juvenile. After one particularly bad
disagreement, Nelson goes berserk and crashes two used cars together on the car
lot. Rabbit learns that the reason
Nelson dropped out of college was because his girlfriend, Pru who was a secretary
at Kent State is pregnant. Nelson decides
to marry Pru while Harry tries to talk him out of it. Harry wants Nelson to run as Harry had run
twenty years before. However, Nelson
resists the urge to run, not because he wants to persist in the marriage but
because he is afraid to run (“Rich” 223).
Janice and her mother decided to let Stavros go in order to make room
for Nelson permanently. Nelson is
approximately the same age as Harry was in the first novel. Nelson is following in his father’s
footsteps. Nelson is experiencing similar problems of commitment, love, and
maturity. They both refuse to
mature. Rabbit says to Janice,
“I depress the kid.”
“Harry I’m not
sure it’s you that’s doing it. I think
he’s just scared.”
“What’s he got
to be scared of?”
“The same thing
you were scared of at his age. Life.”
much of it, and not enough. The fear
that it will someday end, and the fear that tomorrow will be the same as
yesterday. (“Rich” 331)
Janice and Rabbit buy their own house to get away
form Nelson and his upcoming family. The
next day, the Rabbit and Janice leave for the Caribbean with two other couples
their age. There they engage in some
spouse swapping. While they are engaged
in extramarital activities, Nelson runs away from home, away from his pregnant
wife, and away from responsibility. Like
father, like son. In Nelson’s absence,
Pru has their baby girl. Rabbit and
Janice are forced to return early. Nelson sends a post card home asking for
money so that he could finish his degree at Kent State. The novel reaffirms the themes found in the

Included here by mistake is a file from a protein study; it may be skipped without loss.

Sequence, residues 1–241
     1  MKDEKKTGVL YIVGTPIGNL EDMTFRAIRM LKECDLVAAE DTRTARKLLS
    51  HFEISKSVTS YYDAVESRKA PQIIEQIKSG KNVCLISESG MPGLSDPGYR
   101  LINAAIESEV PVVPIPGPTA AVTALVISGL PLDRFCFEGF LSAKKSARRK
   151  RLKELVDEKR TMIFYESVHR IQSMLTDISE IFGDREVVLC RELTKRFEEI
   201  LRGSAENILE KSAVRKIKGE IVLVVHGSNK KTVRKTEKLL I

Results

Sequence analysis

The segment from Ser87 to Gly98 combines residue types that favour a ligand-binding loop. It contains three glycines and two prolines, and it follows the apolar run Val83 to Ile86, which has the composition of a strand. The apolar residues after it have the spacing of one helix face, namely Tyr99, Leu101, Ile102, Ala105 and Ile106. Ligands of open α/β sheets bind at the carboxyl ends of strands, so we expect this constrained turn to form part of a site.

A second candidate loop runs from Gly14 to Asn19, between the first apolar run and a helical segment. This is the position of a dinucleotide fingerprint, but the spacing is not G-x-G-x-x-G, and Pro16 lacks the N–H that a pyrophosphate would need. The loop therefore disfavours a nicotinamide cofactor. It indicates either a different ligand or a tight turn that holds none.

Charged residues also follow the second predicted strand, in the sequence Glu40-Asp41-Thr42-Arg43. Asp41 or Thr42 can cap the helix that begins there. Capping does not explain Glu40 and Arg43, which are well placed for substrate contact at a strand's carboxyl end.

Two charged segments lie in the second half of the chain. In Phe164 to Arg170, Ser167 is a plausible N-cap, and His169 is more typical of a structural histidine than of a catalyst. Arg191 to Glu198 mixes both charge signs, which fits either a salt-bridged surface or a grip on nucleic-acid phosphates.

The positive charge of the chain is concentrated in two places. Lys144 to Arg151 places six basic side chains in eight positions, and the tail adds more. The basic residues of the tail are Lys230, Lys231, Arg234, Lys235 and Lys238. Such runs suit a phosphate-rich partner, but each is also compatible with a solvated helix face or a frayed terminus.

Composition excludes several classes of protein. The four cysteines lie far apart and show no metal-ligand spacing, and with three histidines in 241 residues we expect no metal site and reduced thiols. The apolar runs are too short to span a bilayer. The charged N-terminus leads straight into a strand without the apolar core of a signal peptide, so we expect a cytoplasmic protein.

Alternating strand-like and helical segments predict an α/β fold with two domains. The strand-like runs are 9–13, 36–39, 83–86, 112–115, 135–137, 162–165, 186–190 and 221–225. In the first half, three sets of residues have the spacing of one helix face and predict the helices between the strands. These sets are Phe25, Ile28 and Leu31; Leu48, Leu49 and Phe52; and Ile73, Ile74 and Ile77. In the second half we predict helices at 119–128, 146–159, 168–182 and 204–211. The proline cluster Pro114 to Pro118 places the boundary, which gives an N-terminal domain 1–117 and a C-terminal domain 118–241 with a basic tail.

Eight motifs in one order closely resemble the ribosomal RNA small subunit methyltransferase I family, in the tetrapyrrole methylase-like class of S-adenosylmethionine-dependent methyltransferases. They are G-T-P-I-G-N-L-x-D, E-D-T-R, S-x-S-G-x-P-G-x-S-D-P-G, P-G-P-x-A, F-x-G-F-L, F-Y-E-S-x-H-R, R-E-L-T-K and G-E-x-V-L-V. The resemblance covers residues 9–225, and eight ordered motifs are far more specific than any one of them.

previous two novels. Rabbit and his
family lead a shallow and disgusting life.
Updike’s indictment of American society could not be worse.
Rabbit at Rest is the latest installment of the
Angstrom saga. Rabbit and Janice have a
winter home in Florida where they spend half a year. Nelson and Pru have two kids. The oldest is Judith who is nine years old,
and they have a boy named Roy. Nelson
runs Springer Motors under Rabbit’s distant supervision. Nelson and Pru still live in the Springer
house; however, Janice’s mother has long since died. Nelson lives mortgage free but has problems
financially. Rabbit suspects that Nelson
is in some sort of trouble. Nelson’s
nose runs all the time.
Rabbit has grown large in girth. He is fifty-six years old and has twinges of
pain in his chest. Golf is Rabbit’s
major interest in Florida while Janice still swings a tennis racquet. Rabbit and Janice are in their fifties and
are semi-retired. Nelson and his family
visit Florida. Nelson and Rabbit have
their usual, terrible time relating to each other. “The kid and I have something going on
between us alright. Not sure love is
what you’d call it” (“Rest” 142). Rabbit
takes his granddaughter Judy out sailing, and he experiences a heart
attack. At the hospital, the doctor
gives Janice some advice on nutrition.
To which Janice replies that this is what Pru has been advising Harry. “She’s been saying everything you’ve been
saying for years to Harry, but he just won’t listen. He thinks he’s above it all, he thinks he’s